LAS VEGAS -- For better or worse, the wickedness of the fight game tends to show itself in waves. Just ask Anthony Pettis. A little over a year ago, Pettis was the guy in the UFC lightweight division. The guy on the Wheaties boxes. The guy with the portfolio that oozed star potential. The guy who looked good in gold. But then came his back-to-back losses -- a first for an otherwise brilliant career -- and suddenly Pettis was just another guy, one among many gifted but incomplete talents jockeying for space within the sport's most crowded division.
In retrospect, Pettis knew after the second of those losses -- a listless decision against Eddie Alvarez -- that something had to change. In a game where creativity is king, nine years spent retracing the same steps can make even the best minds grow stale. But this? An eight-day USO tour across the world alongside old rival Donald Cerrone leading to a major career redesign? Yeah, Pettis never expected this.
But wouldn't you know it, something about riding sidecar with a straight shooter like "Cowboy" tends to play funny tricks on a mind stuck in the mud.
By the trip's end, any lingering animosity from the time Pettis nearly kicked a hole through Cerrone's torso was gone, so Cerrone invited Pettis out to New Mexico for a few days of friendly sparring at Jackson-Winkeljohn. Somehow a three-day stay turned into a three-week retreat.
Before Pettis knew what hit him, Albuquerque was starting to look awfully lovely as a potential second home.
"I met the coaching staff, I met the team, and man, I just loved it," Pettis told MMA Fighting. "It was just an environment where I could feel like I could get better and grow. In Milwaukee, I feel like I can definitely get better there, but growing mentally and all of that, it's a slower process because I know everybody. It's comfortable. I've done that gym routine for the last 10 years of my life. Changing it up and doing something new is good."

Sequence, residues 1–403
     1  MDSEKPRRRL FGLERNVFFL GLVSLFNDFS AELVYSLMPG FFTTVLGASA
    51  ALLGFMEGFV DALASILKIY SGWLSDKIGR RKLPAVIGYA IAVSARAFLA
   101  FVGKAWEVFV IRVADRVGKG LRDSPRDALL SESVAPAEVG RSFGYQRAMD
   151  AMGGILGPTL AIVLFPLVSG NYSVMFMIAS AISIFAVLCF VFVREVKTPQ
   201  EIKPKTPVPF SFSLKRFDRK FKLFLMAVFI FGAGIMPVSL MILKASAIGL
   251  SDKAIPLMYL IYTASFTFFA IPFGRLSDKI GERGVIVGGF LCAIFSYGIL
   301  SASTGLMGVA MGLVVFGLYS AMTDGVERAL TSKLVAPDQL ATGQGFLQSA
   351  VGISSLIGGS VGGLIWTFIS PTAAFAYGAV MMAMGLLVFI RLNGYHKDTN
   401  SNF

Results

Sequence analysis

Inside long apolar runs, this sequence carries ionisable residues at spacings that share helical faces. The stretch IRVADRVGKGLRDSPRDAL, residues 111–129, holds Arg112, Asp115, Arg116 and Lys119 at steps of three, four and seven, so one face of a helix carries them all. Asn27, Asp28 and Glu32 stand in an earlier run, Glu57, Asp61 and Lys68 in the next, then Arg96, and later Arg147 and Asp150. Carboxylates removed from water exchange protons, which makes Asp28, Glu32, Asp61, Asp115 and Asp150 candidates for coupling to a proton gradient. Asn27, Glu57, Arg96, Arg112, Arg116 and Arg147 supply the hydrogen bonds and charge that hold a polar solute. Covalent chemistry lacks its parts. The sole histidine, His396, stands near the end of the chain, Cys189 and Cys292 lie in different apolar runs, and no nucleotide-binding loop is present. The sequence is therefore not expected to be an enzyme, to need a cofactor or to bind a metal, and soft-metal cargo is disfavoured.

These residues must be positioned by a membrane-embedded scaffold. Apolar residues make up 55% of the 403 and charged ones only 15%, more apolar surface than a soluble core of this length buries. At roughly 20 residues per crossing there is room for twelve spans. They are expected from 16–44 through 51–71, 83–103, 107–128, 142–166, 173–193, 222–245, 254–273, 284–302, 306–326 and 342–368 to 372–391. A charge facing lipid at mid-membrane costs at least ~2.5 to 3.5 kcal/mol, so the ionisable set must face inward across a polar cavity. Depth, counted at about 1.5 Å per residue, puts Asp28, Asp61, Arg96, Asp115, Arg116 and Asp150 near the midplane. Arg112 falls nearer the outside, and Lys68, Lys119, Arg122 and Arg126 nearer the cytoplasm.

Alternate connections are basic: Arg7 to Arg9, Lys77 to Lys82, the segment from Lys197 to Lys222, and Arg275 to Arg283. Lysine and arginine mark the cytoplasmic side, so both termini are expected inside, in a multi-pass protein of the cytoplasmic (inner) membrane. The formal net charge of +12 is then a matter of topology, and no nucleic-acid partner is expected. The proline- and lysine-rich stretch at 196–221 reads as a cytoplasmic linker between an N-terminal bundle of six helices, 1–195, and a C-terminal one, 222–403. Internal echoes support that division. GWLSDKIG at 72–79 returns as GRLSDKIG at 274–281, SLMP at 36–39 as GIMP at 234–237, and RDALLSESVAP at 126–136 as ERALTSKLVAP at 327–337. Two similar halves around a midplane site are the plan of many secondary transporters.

Pettis wasn't alone. His younger brother, UFC flyweight prospect Sergio Pettis, tagged along for the trip, and together the Pettis brothers spent the final three weeks of their camps for UFC 197 at Jackson-Winkeljohn, rather than the gym they've called home their entire careers, Milwaukee's Roufusport Academy.
With training partners like Cerrone and Jon Jones and Holly Holm and B.J. Penn and John Dodson (and the list goes on) at their disposal, both men emerged from the experience with a renewed fire for the game, and both now hope to make Albuquerque a permanent fixture of their camps moving forward.
"Duke (Roufus) has always given me freedom to do what I want to do," says Anthony. "He's never that guy who is like, you've got to stay here or you're not on my team. We're family, man. I told him I needed to clear my head and I needed to get some new looks. He didn't agree with it, he was like, ‘you're not getting paid to spar, let's not spar all these guys. You're getting paid to fight, so let's get ready to fight.' I just felt like it was a good decision. I tried it for three days and it was the best decision I made.
"Not to take anything away from Duke. Duke is an amazing coach, he always will be my coach, but having bodies like that and training partners like that and the mindset of Greg Jackson and Israel Martinez, there's four jiu-jitsu coaches, four wrestling coaches, there's so much information I could get."